Many details remind that this was once a handsome private estate: rooms throughout are filled with museum-worthy antiques (guests can take a self-guided art tour, which leads past treasures like a framed passport, issued to a member of the Sersale family in 1754, and a large panorama of Rome dating from the 18th century). The many terraces, patios and sitting areas are lined with heavy terra-cotta pots and urns, which are planted with lemon trees and fragrant flowers. But even though the decor is classic Positano, with ceramic-tile floors, antiques and tasteful furnishings, the Sirenuse is not stuck in the past, thanks in large part to its dynamic general manager, Antonio Sersale. Under his guidance, a high-tech spa and buzzy Champagne and Oyster Bar were added in recent years, and both draw a chic young crowd. There’s Wi-Fi throughout the hotel, and guest rooms come with flat-screen TVs, Jacuzzis and iPod docking stations. Of course, considering the spectacular views (all but five standard rooms open onto the sea), you may forget all about these amenities.
The pool area, on a large terrace overlooking the sea, is one of the most delicious spots for reading and relaxing: sitting on one of the white poolside lounges, it’s easy to feel like you’re on the deck of a giant boat. While honeymooners figure prominently among guests, many of them rarely emerge from their suites; though the lovely staff is happy to arrange day trips, including boating excursions, considered by many the only way to “do” the coast (there are few pebbly beaches along the Amalfi Coast, and the one in Positano gets very crowded in summer). The floor mats in the tiny elevator, printed with each day of the week, are changed daily—a whimsical touch that shows how easy it is to lose track of time here. Rooms from €500 ($780).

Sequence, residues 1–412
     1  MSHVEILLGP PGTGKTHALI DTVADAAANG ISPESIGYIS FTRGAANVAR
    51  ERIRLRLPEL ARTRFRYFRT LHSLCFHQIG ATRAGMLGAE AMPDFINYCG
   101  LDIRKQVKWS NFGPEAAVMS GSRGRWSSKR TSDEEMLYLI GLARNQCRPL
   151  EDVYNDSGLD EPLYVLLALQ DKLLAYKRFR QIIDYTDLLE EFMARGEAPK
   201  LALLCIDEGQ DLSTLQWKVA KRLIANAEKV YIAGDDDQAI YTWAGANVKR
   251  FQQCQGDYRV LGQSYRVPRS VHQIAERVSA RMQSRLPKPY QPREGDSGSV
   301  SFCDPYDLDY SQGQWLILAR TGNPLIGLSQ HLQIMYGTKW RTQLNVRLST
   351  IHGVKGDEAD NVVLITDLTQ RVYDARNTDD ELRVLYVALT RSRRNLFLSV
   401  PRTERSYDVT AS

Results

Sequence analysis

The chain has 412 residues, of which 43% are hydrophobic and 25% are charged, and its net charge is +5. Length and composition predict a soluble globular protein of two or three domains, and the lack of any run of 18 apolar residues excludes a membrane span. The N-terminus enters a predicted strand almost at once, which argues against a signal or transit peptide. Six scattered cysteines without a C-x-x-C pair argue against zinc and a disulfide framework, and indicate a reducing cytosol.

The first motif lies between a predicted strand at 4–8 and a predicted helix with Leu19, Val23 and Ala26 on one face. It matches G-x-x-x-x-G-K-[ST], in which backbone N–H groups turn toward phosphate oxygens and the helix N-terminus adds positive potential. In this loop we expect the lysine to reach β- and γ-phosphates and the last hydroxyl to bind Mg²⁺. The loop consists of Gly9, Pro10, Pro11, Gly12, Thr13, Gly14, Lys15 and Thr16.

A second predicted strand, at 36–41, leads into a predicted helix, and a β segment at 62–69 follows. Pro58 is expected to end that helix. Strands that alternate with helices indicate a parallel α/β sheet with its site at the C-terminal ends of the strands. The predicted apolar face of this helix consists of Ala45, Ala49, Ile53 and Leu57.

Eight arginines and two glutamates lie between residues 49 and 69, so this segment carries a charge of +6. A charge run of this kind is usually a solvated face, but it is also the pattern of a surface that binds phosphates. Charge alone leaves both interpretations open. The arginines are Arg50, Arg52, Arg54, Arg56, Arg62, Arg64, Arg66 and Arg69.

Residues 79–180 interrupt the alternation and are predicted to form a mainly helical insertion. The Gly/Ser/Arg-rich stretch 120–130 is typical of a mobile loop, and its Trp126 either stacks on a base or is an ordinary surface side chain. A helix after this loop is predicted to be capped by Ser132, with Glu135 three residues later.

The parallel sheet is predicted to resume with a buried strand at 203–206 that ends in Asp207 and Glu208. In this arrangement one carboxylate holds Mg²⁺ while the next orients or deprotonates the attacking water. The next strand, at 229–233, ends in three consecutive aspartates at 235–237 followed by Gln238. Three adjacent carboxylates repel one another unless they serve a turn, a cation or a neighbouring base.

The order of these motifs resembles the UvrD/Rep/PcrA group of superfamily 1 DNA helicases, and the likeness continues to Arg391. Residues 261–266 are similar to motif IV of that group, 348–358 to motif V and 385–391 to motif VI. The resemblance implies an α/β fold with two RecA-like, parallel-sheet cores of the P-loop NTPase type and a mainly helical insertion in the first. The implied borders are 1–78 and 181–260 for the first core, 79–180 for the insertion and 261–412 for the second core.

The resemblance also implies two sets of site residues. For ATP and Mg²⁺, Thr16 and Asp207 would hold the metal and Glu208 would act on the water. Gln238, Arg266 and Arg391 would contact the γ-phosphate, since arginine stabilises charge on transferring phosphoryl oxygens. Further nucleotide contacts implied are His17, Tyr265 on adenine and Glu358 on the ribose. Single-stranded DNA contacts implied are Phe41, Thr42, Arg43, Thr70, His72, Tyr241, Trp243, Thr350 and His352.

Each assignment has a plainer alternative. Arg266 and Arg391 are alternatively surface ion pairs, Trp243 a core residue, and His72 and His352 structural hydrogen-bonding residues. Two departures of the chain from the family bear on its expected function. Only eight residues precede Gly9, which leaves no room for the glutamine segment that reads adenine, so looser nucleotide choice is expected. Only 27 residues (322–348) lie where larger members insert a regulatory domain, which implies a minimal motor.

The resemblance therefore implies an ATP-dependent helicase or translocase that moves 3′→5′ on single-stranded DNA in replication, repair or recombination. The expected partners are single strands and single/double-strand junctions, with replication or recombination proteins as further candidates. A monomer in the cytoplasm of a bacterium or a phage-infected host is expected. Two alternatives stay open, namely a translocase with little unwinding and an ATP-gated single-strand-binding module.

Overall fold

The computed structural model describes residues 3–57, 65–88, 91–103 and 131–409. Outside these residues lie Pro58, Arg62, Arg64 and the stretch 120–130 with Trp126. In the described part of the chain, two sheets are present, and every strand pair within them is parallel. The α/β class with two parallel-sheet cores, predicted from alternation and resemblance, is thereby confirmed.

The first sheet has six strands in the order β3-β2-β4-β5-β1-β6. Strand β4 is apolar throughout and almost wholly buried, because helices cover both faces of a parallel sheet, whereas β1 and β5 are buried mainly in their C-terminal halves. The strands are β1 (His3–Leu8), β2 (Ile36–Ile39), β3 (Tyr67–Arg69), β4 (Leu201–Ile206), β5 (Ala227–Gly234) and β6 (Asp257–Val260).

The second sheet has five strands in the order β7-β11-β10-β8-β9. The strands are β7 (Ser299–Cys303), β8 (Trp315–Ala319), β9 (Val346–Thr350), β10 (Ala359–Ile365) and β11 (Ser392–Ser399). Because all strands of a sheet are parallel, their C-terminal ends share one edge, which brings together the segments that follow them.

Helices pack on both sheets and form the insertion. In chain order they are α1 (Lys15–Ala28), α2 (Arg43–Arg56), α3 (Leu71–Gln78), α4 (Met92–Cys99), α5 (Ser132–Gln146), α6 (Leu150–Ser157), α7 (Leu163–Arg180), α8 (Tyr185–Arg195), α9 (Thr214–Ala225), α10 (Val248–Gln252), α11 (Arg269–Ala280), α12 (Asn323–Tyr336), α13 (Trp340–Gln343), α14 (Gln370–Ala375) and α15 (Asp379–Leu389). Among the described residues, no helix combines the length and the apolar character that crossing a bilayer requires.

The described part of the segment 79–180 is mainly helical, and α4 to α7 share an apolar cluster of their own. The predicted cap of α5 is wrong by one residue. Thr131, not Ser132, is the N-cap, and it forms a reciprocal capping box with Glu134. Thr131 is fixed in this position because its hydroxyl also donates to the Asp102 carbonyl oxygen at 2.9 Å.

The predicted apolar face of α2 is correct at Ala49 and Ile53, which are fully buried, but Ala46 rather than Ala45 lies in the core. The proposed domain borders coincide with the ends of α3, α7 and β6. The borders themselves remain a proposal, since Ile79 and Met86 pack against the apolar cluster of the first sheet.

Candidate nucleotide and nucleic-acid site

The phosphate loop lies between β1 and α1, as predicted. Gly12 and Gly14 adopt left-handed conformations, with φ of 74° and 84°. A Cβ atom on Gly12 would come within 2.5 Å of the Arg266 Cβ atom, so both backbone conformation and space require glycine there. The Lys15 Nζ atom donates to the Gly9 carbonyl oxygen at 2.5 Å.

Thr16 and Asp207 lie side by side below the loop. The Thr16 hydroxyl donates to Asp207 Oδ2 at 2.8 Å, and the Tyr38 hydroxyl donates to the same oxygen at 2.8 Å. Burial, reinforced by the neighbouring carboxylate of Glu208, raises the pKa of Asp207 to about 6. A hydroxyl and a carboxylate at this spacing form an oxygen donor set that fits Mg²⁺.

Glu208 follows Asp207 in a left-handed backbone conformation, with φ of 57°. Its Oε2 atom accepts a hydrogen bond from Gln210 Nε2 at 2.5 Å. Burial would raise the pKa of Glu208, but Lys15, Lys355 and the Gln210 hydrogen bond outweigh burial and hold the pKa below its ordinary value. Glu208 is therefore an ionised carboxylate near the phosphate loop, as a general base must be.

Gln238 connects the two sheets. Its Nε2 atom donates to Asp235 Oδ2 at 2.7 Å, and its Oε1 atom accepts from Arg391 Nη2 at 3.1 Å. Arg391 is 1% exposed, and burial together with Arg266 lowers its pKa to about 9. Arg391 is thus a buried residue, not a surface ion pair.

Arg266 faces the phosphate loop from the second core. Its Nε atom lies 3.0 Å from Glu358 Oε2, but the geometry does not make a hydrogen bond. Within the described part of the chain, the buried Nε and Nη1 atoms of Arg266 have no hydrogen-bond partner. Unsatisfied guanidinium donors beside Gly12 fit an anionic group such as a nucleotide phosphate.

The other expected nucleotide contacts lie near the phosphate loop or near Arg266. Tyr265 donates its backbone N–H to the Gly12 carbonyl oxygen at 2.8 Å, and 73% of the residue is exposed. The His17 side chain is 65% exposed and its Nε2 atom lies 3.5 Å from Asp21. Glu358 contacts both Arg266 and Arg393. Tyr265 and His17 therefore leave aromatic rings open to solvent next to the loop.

WHO SHOULD STAY: Romantics, sybarites, art aficionados and those willing to splurge on one of Italy’s most iconic resorts.
WHO SHOULD NOT STAY: Families with children under the age of eight (they’re not permitted during the high season, May–September).
ROOMS TO GET: Each room is different, and return guests all have their favorites (you can make the request, but the hotel does not confirm room assignments until you arrive). Luckily, all the sea-facing rooms are charming. One-bedroom Suite 74-75 has a spectacular bathroom with a double Jacuzzi from which to take in the views; spacious Suite 85 comes with an ultraprivate corner terrace. There are five standard rooms that do not have sea views; if those are the only ones available, book elsewhere. For the ultimate hideaway, request one of the nine Junior Suites.
WHAT TO KNOW: Even if you’re not staying here, come for an aperitif at the Champagne & Oyster Bar and make a reservation for dinner at the uber-romantic La Sponda.